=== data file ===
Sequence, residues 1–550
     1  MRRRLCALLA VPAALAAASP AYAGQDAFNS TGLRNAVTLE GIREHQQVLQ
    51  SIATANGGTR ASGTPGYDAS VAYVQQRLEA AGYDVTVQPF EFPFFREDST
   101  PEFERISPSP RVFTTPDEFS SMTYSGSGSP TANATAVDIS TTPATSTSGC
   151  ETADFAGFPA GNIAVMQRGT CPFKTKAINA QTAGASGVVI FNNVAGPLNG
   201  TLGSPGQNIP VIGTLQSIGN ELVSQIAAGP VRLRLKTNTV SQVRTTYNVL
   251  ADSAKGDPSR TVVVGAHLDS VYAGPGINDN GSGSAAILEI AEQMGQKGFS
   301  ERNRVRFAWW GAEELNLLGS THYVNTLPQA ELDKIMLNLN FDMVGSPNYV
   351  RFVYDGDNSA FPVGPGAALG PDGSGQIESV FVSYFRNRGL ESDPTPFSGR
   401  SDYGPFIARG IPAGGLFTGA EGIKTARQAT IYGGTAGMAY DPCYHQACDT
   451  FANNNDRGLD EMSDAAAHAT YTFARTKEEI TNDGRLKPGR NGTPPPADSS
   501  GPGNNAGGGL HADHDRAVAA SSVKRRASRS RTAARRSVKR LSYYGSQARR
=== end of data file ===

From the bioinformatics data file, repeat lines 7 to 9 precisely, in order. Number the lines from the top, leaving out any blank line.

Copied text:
   251  ADSAKGDPSR TVVVGAHLDS VYAGPGINDN GSGSAAILEI AEQMGQKGFS
   301  ERNRVRFAWW GAEELNLLGS THYVNTLPQA ELDKIMLNLN FDMVGSPNYV
   351  RFVYDGDNSA FPVGPGAALG PDGSGQIESV FVSYFRNRGL ESDPTPFSGR